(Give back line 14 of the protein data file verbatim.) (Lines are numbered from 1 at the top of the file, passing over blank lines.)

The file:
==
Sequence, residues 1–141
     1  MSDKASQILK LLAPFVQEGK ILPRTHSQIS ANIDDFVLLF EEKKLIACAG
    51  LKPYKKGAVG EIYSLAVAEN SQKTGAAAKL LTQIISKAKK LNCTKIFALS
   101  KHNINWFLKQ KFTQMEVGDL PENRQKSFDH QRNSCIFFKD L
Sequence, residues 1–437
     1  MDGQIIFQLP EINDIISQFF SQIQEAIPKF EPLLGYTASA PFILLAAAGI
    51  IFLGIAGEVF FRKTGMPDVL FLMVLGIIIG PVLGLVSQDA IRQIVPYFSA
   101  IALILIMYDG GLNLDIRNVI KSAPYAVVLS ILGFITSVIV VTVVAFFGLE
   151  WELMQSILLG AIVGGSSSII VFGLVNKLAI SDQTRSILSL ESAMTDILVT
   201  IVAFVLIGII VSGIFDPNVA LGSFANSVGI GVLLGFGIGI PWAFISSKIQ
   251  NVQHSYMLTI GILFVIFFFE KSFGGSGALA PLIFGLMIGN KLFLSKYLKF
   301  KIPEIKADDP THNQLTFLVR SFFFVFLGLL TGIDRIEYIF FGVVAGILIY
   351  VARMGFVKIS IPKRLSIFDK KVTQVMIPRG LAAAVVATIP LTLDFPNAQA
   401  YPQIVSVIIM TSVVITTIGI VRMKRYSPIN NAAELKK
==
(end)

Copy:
   401  YPQIVSVIIM TSVVITTIGI VRMKRYSPIN NAAELKK